New Media inevitably becomes Old Media

Over the past 10 years the people who have gotten new Apple products1 has shifted significantly. It used to be major newspapers were first in line to get everything, and they would have the exclusive first reviews out of the gate whenever a new product launched. 10 years ago Apple bloggers and podcasters had to order iPhones and Macs just like everyone else and their reviews and impressions would come days to weeks later.

Over time, these bloggers and podcasters gained popularity and influence over the Apple narrative online. A shout out from John Gruber, for example, could influence the opinions of hundreds of thousands of people on a new product. At the time, people like me were wondering why the hell people like John and other tech publications didn’t get treated with the respect they deserved. Their influence was far greater than many in “old media” realized. Apple saw this and started to shift their strategy with who gets early hardware. Major newspapers like the New York Times, Washington Post, and Wall Street Journal still had huge reach and got early access to hardware, but now the main source for people with even a single technical bone in their body turned to The Verge, Daring Fireball, Tech Crunch, and the like. These “new media” destinations were where the people who would evangelize and talk about this stuff in a more human-relatable way were working.

Yesterday Apple made a noticeable shift again in how their review embargo and hardware access worked. Most major newspapers and tech blogs got their phones yesterday (late, but that’s another story) and had an embargo for this morning on publishing first impressions. In addition to this now traditional lineup of reviewers, Apple also made the phone available in a limited hands on experience to a number of smaller, but influential YouTubers (and a couple websites). The response from some in the tech press were a bit perturbed by this.

But here’s the deal, those “stupid” YouTubers are the new “new media” and they’re doing exactly what tech blogs did a few years ago. They’re learning to speak to consumers in a more human and helpful way. And even through these YouTubers got to talk about the iPhone X yesterday, basically all of them (maybe actually all of them) didn’t get to keep the phone, they just got to have under and hour with the phone and then got to blaze through recording and editing a video to put up on the same day. They’re still not getting quite the same treatment as “full reviewers” who actually got a review unit from Apple that they could take home and use for a few weeks to get full impressions.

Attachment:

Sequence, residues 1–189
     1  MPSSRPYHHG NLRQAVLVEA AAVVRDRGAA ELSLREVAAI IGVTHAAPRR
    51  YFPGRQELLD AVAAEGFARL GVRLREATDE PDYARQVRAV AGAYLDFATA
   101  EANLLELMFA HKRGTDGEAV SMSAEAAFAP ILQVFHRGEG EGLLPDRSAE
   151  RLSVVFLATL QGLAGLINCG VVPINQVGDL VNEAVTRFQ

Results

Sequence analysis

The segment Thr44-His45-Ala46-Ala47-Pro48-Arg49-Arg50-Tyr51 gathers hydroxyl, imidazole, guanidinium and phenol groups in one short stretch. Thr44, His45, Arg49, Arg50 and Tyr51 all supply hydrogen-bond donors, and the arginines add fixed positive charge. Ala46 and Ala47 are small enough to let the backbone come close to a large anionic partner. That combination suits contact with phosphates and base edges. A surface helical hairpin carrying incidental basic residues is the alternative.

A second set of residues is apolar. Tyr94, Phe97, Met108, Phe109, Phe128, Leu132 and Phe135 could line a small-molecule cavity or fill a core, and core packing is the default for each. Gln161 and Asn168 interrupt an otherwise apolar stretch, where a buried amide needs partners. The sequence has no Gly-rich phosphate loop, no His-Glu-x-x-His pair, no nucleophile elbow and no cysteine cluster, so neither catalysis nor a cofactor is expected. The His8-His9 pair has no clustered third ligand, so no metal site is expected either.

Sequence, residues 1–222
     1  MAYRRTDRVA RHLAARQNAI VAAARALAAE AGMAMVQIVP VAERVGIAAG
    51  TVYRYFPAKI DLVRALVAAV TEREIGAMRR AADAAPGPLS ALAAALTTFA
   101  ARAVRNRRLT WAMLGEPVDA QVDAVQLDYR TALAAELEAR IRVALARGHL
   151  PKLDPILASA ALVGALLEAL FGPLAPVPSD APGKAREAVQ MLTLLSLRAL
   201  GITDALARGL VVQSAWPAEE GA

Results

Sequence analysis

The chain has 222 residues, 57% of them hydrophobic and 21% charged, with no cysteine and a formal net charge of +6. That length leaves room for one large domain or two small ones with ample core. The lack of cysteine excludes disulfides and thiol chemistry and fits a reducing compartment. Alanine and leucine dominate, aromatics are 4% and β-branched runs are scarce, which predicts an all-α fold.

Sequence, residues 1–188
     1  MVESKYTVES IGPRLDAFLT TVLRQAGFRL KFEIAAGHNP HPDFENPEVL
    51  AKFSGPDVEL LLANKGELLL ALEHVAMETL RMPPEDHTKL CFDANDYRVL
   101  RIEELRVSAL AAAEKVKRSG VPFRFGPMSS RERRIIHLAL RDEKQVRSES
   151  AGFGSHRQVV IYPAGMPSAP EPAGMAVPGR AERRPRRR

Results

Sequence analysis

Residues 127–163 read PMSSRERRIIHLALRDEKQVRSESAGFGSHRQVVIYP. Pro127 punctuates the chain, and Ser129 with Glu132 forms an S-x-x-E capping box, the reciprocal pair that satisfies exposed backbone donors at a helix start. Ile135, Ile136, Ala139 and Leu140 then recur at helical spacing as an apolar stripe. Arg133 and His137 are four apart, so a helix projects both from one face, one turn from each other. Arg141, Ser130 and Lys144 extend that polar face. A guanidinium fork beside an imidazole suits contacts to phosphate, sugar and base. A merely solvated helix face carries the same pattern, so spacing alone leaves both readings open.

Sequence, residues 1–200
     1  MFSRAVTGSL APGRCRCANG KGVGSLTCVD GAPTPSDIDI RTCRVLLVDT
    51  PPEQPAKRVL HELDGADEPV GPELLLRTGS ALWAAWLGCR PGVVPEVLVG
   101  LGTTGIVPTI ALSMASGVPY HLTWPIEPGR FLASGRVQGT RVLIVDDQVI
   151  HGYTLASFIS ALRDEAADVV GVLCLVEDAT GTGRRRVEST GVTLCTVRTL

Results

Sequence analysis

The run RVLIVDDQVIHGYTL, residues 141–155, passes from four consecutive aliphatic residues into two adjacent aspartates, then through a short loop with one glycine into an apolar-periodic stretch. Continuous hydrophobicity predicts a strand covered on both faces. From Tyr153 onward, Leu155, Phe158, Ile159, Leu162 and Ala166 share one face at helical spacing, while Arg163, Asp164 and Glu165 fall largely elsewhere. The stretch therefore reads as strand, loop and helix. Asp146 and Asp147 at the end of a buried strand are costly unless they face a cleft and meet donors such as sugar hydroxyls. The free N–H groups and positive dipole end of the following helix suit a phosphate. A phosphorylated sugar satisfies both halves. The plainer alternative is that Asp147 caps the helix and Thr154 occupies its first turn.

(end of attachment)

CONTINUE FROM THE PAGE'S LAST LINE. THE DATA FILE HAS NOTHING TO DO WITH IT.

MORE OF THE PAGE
I’m exited Apple is changing up their strategy for who gets to have early access to the new iPhones. They should be doing this, and they’re doing it because they understand the power that even smaller channels can have. Frankly, the more bizarre part of this review embargo is that most people didn’t even get the phone until yesterday. Usually these are given out a week ahead of time so full reviews, not just first impressions, can be up when the embargo drops.

The cycle is always the same, though. New Media turns into Old Media, and it’s hard for those on the inside to notice it’s happening. The new guys (and gals!) from 10 years ago are now old hat. They’re great, and the work they do is usually fantastic, but one can not stay in that new and exciting phase forever. New people are coming up in the tech press, usually though YouTube these days, and they’re shaking up the industry. Just like Gruber, Viticci, and many more did over the past decade, and how Mossberg did decades earlier. This has happened before and it will happen again, and it’s just how the world works. My hope is I can still be a part of this new wave of pundits even in the video-first present we’re living in right now 😄.


  1. We’re talking Apple today but this goes for basically all tech products these days.